IADC: New “Facts About Early Contractor Involvement – Revisited” (The Netherlands)
The preparatory work for large infrastructure projects often consumes an extraordinary amount of time, money and human resources and is not particularly cost-effective.
Some of this inefficiency is caused by traditional procurement methods which bring contractors into the process after many key decisions have been made. Often clients and consultants make design decisions with insufficient information and knowhow as to the available technology, equipment and potential innovative solutions. The contractors may be challenged because of insufficient knowledge of the physical conditions at the project site.
Early Contractor Involvement (ECI) provides an efficient means of designing and planning infrastructure projects in a cost-effective, more efficient and less adversarial structure.
Using ECI with a properly executed contract that reflects a relationship able to deal with project risks should increase transparency and therefore reduce risks, increase shared responsibilities and limit the reasons for disputes.
With traditional procurement a client/owner must make many decisions before accurate information has been collected. The experiential knowledge of contractors is rarely requested in the planning stages and is therefore seldom used. This ultimately leads to inaccurate conclusions, which may have an adverse effect on the project outcome in terms of price, time and quality.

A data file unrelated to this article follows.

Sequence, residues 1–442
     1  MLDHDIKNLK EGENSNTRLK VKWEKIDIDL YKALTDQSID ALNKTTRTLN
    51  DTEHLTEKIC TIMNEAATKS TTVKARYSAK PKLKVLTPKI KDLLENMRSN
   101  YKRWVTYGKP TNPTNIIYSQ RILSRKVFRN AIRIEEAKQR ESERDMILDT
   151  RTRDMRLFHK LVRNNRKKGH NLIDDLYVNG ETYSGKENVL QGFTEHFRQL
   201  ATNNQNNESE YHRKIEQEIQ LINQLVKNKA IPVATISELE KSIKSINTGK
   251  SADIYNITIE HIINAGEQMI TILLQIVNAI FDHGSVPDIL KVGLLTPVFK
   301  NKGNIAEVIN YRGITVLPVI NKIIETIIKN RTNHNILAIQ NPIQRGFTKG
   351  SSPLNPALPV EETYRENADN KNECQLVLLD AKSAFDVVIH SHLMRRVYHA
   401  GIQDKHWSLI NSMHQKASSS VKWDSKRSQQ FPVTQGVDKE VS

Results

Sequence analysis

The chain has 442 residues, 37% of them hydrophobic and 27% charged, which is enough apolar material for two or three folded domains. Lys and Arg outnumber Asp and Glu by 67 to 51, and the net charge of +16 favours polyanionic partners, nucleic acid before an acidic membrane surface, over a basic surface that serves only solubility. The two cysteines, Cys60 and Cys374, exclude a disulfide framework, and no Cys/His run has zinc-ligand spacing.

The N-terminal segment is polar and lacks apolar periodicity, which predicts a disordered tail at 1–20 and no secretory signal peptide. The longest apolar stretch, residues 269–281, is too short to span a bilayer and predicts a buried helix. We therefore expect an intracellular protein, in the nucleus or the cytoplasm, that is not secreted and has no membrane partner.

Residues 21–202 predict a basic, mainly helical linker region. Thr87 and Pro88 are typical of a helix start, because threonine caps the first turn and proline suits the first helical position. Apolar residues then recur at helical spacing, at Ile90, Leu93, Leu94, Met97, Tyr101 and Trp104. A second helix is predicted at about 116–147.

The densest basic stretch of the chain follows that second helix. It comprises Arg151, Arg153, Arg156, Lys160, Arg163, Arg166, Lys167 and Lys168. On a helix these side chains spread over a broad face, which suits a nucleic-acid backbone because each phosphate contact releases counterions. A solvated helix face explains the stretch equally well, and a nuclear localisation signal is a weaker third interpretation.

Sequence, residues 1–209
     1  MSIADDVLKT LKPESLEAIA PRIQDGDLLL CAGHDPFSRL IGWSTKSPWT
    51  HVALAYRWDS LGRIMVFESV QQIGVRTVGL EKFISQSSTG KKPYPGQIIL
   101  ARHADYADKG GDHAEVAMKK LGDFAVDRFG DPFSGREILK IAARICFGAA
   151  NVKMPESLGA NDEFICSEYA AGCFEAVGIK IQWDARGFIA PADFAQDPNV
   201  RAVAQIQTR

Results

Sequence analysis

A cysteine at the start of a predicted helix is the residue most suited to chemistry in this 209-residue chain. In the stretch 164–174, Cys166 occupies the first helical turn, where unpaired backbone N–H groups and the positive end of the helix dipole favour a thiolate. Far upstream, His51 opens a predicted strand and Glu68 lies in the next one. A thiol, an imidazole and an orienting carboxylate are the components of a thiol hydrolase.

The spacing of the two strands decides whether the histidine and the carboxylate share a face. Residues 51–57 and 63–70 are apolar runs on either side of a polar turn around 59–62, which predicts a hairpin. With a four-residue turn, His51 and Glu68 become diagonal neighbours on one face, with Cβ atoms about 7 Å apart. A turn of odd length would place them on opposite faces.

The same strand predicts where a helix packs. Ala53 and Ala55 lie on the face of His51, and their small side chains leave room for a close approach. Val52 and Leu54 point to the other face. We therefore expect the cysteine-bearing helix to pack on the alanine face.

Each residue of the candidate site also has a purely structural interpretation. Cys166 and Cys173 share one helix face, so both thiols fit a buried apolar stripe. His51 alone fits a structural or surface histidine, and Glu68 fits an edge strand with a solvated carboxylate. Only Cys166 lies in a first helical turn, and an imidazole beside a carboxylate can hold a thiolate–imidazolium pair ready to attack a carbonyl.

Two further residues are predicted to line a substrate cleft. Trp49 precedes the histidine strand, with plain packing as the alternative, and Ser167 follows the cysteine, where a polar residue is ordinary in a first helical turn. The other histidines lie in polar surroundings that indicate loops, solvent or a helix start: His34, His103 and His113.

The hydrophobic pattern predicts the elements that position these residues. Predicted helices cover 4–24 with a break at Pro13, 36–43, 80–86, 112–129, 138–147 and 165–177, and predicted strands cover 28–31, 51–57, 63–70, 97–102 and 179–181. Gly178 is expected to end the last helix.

Project designers – who do not necessarily know how to scope and cost – come on board first. Thereafter contractors brought in. Getting involved when a design has already been determined forces contractors to be re-active instead of pro-active. By telling the contractor what to do, by taking the lowest price and negotiating it downwards, project risks increase. Rather than negotiating the price downwards, prices and the risk of poor performance rise.
Frequently when project performance on an infrastructure project is less than optimal, the reputation of the construction industry in general is harmed: The public’s perception (and the client’s) may be that time schedules are not trustworthy, budgets will run wild, technical solutions are failing and the government, the authority and the industry seem to have difficulty getting it right.
Press Release, June 4, 2013